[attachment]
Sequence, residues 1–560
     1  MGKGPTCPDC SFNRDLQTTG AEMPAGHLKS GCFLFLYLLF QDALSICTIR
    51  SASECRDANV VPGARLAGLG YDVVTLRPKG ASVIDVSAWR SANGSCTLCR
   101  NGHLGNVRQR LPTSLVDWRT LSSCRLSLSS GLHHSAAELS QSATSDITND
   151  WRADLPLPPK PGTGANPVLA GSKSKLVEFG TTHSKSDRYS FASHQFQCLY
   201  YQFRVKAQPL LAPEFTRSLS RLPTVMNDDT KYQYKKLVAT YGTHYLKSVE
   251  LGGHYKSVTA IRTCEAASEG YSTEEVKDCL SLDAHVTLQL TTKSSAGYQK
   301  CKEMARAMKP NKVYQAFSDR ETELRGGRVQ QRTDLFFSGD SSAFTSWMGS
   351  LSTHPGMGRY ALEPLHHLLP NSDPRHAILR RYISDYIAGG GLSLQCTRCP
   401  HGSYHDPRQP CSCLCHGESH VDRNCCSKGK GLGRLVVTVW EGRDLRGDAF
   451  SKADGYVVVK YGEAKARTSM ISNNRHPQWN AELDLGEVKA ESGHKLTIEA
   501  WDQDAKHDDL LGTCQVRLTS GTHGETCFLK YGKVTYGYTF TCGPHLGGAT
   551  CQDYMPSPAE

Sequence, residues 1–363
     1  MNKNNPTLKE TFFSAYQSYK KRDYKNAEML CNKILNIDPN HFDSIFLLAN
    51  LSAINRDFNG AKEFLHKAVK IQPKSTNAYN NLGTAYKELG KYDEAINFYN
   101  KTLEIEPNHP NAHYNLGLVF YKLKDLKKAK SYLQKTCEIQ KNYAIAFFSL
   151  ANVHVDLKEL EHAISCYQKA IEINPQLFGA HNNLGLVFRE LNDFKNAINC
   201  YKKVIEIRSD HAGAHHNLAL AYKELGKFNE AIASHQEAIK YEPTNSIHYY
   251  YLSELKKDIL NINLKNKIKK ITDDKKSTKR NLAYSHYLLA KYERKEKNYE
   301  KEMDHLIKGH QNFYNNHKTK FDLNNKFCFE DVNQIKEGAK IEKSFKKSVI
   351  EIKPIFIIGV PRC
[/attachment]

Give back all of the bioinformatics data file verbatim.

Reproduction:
Sequence, residues 1–560
     1  MGKGPTCPDC SFNRDLQTTG AEMPAGHLKS GCFLFLYLLF QDALSICTIR
    51  SASECRDANV VPGARLAGLG YDVVTLRPKG ASVIDVSAWR SANGSCTLCR
   101  NGHLGNVRQR LPTSLVDWRT LSSCRLSLSS GLHHSAAELS QSATSDITND
   151  WRADLPLPPK PGTGANPVLA GSKSKLVEFG TTHSKSDRYS FASHQFQCLY
   201  YQFRVKAQPL LAPEFTRSLS RLPTVMNDDT KYQYKKLVAT YGTHYLKSVE
   251  LGGHYKSVTA IRTCEAASEG YSTEEVKDCL SLDAHVTLQL TTKSSAGYQK
   301  CKEMARAMKP NKVYQAFSDR ETELRGGRVQ QRTDLFFSGD SSAFTSWMGS
   351  LSTHPGMGRY ALEPLHHLLP NSDPRHAILR RYISDYIAGG GLSLQCTRCP
   401  HGSYHDPRQP CSCLCHGESH VDRNCCSKGK GLGRLVVTVW EGRDLRGDAF
   451  SKADGYVVVK YGEAKARTSM ISNNRHPQWN AELDLGEVKA ESGHKLTIEA
   501  WDQDAKHDDL LGTCQVRLTS GTHGETCFLK YGKVTYGYTF TCGPHLGGAT
   551  CQDYMPSPAE

Sequence, residues 1–363
     1  MNKNNPTLKE TFFSAYQSYK KRDYKNAEML CNKILNIDPN HFDSIFLLAN
    51  LSAINRDFNG AKEFLHKAVK IQPKSTNAYN NLGTAYKELG KYDEAINFYN
   101  KTLEIEPNHP NAHYNLGLVF YKLKDLKKAK SYLQKTCEIQ KNYAIAFFSL
   151  ANVHVDLKEL EHAISCYQKA IEINPQLFGA HNNLGLVFRE LNDFKNAINC
   201  YKKVIEIRSD HAGAHHNLAL AYKELGKFNE AIASHQEAIK YEPTNSIHYY
   251  YLSELKKDIL NINLKNKIKK ITDDKKSTKR NLAYSHYLLA KYERKEKNYE
   301  KEMDHLIKGH QNFYNNHKTK FDLNNKFCFE DVNQIKEGAK IEKSFKKSVI
   351  EIKPIFIIGV PRC